L4 - pain irradiates to the knee, can a little bit further, but typical is to the knee. Patient can have just knee pain. Reversed lasegue is possitive (important is how you are performing test- knee flexion and hip extension have to be performed together !!!). There will be trigger point in rectus femoris. Weaken muscles are rectus femoris and whole quadriceps. Patient have problem with knee extension and hip flexion. In which position do we test it? In sitting. Why? Because in this position hip flexion is performed mainly with quadriceps, especially rectus femoris. Which reflex will be weaken? Patellar reflex. Patient can experience pain also in goin, also Patrick test can be possitive, so L4 can mimic knee and hip problem.

L5 - irradiates laterally along the thigh, then turns on the anterior part of the foreleg and goes to the big toe. Weaken muscle is always musclus extensor hallucis longus and another extensors (extensor digiturum brevis and tibialis anterior). Main is extensor hallucis longus because this has innervation just from L5. So for test we ask the patient to stand on the heels. Another very sensitive test is ask the patient in standing to lift just foot finger and we palpate m.extensor digitorum brevis. During walk we can typicaly see that big toe is not extended enough.Typical trigger point is in m.piriformis, so there is restricted hip internal rotation tested in 90° hip flexion. Which reflex will be weaken? In L5 we do not test reflex, because there is no clear L5 reflex.

S1 - pain irradiates on the dorsal side of the lower extremity to the little finger. The most affected muscle is triceps surae, so the patient will have problem to stand and walk on tip toes - walking is more sensitive test. Muscle athrophy we can see especially on the lateral side of the calf Another weaken muscles are gluteals. Weaken reflex is Achilles tendon reflex. But remember !!! If there is bilateraly lowered S1 reflex or areflexia, strong suspicious on cauda equina syndrome.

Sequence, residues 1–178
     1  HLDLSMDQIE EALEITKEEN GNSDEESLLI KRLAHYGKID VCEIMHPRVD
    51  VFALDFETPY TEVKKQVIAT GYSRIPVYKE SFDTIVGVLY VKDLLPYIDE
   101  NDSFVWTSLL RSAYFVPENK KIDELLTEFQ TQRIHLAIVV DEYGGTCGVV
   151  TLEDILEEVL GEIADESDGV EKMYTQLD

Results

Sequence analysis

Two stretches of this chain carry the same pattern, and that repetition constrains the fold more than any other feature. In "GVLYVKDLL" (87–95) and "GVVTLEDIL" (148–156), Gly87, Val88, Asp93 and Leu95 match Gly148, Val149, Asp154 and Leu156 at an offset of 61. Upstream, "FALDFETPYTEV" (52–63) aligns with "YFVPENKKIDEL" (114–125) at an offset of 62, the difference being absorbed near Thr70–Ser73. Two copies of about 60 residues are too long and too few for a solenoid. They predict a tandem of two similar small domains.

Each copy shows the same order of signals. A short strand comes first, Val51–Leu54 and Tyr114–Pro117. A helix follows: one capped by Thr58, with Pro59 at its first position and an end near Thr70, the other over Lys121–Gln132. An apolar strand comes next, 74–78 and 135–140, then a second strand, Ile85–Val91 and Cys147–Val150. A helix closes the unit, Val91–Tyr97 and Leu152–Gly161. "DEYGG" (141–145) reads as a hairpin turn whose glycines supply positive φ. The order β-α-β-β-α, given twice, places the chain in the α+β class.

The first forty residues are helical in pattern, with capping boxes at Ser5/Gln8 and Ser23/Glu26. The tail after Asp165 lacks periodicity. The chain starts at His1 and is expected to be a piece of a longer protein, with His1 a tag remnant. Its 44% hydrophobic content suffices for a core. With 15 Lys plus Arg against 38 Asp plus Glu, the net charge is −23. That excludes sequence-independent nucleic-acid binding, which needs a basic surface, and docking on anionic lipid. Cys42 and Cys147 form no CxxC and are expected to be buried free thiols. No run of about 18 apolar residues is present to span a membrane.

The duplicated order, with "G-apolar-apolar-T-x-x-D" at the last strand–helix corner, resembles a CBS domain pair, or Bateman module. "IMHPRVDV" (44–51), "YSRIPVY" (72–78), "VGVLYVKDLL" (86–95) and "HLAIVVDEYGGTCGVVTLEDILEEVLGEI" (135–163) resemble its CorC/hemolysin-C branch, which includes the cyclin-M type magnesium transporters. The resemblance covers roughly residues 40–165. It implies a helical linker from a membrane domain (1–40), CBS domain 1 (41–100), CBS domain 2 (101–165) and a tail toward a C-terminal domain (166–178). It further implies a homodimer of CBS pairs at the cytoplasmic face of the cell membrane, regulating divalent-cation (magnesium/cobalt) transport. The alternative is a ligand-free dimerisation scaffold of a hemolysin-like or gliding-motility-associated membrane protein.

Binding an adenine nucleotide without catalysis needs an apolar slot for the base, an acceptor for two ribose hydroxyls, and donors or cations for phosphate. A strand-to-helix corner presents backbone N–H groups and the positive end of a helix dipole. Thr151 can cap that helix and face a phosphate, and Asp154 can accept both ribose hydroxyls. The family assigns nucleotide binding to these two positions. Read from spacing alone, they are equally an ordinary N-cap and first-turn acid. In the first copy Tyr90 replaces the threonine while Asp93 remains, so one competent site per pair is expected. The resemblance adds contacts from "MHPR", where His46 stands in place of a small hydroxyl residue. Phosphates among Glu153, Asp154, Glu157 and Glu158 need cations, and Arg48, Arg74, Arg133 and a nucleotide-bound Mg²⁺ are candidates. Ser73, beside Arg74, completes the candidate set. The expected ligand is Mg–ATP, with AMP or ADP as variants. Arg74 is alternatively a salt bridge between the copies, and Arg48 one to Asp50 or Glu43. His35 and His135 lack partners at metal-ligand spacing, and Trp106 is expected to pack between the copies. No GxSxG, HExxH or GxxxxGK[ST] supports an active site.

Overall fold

Typical discogenic disorders are monoradicular. If there is more radiculars, be careful, can be tumor, inflamation, narrow spinal canal,...

Do not rely only on MRI. Finding can be accidental and clinically not presented. Above age 25 most of the population has some changes on the spine which could cause pain. More specific is clinical assessment and what you can find with test.

Pseudoradicular syndrome

Pseudoradicular syndrome has very similar presentation to radicular, but is missing neurological sings.

What causes pseudoradicular syndrome? The cause is myofascial painful syndrome, which is presented with trigger points and joints blockades. Prof. Karel Lewit said that it is incomplete radicular syndrome, in which there is pressure on the sheath of the nerve root, but not on the nerve root itself. If there is joint blockade, there is changed segmental biomechanics and cause muscular tention in segment. This muscle tension presses on the sheath of the nerve root. Subsequently there occurs trigger points in corresponding muscles and can present with irradiation to extremity (1,-3).